The government aims to address the issue of quality by reducing pupil-teacher ratios by increasing the number of classrooms that meet minimum standards. In addition programmes aimed at increasing the number and quality of teachers are recording progress with the scaling-up of teacher training colleges. Making education material available to teachers and pupils is considered high priority, including adopting the policy of one laptop per child.

Despite new innovations in medicine, children still die because of preventable diseases. What has your government done to deal with this?
Rwanda has made great strides in reducing childhood mortality rates and is on track to achieve the goal of reducing the under-five mortality rates by two-thirds by 2015. The government is embarking on a programme to reduce the incidence of communicable diseases by improving the prevention, care and treatment of malaria, TB and other diseases. During the next five years the government aims to support further reduction of the malaria fatality rate, distributing insecticide-treated mosquito nets and encouraging their use by children and pregnant women, indoor spraying, applying bio-larvicide and by improving general sanitation. Measures will be taken to ensure early case recognition followed by the appropriate response and referral.

The call from citizens is that no woman should die in child birth. What measures has your government taken to achieve this?
One of the key objectives of the government is to strengthen reproductive health services and family planning. The policies focus on improving maternal health through scaling up emergency obstetric and neonatal care activities, sensitising the community to what the danger signs are during pregnancy and increasing access to prenatal, delivery and postnatal care. The focus is on promoting family planning, specifically on reproductive health for youth, involving men in family planning, supporting couples and individuals who decide responsibly and freely on the number and spacing of their children and ensuring free access to information, education and contraceptive services. The government is using community mobilisation to enact behavioural change.

The general call from HIV and Aids activists is to treat people for free. How has the Rwandan government addressed this demand?
The government is enhancing the implementation of programmes related to the treatment, care and support of HIV-infected and affected people, building on the progress already made by the Treatment and Research Aids Centre. The response against HIV/Aids focuses on both prevention and treatment. Most of the focus on preventative measures includes promoting changes in sexual behaviour, especially through peer education, and providing support to widows, widowers and other groups, such as orphaned and vulnerable children, who have to cope with the socio-economic impact of HIV and Aids. The government has initiated a nationwide health insurance scheme, which covers infectious and non-infectious diseases. Finally, the government has initiated programmes to enable poor people living with HIV/Aids to access antiretroviral medication free of charge.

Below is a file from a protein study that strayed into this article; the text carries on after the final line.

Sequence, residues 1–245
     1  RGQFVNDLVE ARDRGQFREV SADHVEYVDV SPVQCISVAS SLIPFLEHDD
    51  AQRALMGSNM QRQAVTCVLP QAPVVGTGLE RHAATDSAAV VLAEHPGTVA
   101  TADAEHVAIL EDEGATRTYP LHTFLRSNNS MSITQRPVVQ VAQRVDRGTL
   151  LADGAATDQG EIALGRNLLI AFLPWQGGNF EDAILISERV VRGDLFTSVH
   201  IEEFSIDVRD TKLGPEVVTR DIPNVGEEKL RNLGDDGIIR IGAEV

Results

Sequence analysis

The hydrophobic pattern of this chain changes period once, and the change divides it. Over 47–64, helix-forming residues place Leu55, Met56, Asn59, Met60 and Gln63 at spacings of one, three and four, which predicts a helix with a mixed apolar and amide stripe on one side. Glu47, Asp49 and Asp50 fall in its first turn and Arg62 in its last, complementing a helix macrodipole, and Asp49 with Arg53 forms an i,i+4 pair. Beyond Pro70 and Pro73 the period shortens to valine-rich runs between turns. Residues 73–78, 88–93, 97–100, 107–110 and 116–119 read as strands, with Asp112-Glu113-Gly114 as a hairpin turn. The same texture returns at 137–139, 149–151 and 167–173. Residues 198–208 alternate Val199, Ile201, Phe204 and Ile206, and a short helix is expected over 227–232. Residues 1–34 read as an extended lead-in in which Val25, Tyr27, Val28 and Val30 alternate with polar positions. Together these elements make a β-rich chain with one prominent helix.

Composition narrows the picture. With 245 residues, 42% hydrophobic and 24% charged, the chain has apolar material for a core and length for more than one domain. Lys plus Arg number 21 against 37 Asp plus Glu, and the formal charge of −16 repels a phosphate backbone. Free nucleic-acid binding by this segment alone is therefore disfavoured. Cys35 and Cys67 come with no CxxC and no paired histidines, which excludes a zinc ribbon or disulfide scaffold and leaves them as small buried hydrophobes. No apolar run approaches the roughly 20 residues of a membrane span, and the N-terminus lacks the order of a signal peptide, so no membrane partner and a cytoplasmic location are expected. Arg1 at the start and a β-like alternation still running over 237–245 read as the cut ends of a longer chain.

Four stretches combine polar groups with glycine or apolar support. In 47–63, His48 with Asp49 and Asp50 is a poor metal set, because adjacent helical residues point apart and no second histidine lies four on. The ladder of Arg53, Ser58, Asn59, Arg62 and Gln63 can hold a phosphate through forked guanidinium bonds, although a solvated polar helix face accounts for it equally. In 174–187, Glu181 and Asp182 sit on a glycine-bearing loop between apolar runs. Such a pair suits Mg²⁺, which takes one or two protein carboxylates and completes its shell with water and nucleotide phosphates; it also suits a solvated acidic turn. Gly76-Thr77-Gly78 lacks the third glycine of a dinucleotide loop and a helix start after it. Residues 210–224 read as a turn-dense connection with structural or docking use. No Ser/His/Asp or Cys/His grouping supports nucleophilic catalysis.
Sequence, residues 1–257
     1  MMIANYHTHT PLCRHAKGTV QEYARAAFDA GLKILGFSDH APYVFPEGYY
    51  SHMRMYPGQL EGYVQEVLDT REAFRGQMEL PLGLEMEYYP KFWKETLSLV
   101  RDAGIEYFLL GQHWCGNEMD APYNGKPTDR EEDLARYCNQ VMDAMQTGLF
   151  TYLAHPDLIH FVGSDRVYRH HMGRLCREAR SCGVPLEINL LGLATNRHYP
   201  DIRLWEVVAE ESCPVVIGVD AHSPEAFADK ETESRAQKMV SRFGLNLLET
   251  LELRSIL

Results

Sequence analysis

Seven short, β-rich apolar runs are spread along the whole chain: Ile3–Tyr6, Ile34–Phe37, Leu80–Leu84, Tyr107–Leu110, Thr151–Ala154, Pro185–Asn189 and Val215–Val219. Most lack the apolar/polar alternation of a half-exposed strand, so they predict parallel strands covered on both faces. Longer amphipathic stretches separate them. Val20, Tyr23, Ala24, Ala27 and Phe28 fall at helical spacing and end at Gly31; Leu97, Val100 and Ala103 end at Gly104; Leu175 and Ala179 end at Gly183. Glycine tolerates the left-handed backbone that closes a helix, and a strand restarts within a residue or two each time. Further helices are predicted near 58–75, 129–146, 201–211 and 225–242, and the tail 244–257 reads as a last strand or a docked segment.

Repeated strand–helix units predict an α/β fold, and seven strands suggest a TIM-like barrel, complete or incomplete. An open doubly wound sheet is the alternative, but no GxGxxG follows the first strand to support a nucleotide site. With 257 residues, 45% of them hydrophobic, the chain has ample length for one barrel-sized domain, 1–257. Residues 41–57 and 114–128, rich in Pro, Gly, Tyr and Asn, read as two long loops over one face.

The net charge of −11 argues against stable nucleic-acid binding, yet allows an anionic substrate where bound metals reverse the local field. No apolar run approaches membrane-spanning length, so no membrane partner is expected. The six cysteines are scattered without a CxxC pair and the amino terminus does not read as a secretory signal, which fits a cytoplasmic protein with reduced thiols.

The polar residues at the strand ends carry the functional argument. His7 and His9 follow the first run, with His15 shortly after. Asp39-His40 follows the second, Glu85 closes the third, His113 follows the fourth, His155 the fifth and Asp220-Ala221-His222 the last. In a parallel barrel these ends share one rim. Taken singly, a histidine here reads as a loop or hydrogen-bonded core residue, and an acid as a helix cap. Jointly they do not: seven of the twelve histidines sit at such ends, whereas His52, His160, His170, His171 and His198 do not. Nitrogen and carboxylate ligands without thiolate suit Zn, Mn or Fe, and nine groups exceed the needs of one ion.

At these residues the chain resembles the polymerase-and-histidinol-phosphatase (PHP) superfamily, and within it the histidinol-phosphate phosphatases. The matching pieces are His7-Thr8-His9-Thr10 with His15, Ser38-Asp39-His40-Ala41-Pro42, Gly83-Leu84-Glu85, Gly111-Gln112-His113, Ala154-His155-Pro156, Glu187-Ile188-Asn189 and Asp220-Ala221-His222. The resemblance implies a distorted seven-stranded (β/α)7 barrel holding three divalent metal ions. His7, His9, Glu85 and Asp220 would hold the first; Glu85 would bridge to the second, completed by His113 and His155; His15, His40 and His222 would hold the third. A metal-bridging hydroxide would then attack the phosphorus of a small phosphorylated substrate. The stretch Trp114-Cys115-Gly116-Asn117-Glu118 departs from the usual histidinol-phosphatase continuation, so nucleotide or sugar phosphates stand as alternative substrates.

What is your government doing to reduce dependency on international donors?
The government is strongly committed to reducing dependency on aid through the following strategies:

  • Increasing internal revenue through improved revenue administration and expansion of the tax base;

  • More effective use of aid that focuses on long-term investments with a high impact on growth, such as infrastructures; and

  • Private sector development through support for micro, small and medium enterprises and promoting the business environment and investment climate.

What is the Rwandan government doing to promote gender equality and empower women?
Rwanda is an international leader in gender-equality promotion. The Constitution stipulates that at least 30% of the decision-making positions at all levels of government be allocated to women. This is attested by a number of outcomes such as the share of females in decision-making positions (47,5% in 2006), the share of parliamentary seats filled by women (55% in 2008) and the 1:1 male-female primary school enrolment ratio. Rwanda has adopted laws promoting gender equality, such as the 1988 law allowing married women to exercise a profession, industry or commerce without the permission of their husband, the 1999 law recognising daughters’ inheritance rights as equal to those of sons and the 2005 law that accords men and women equal rights in land ownership and management.

The UN Millennium Development Campaign supports citizens’ efforts to hold their governments and the international community to account in achieving the MDGs

Next week: an interview with Tanzanian President Jakaya Mrisho Kikwete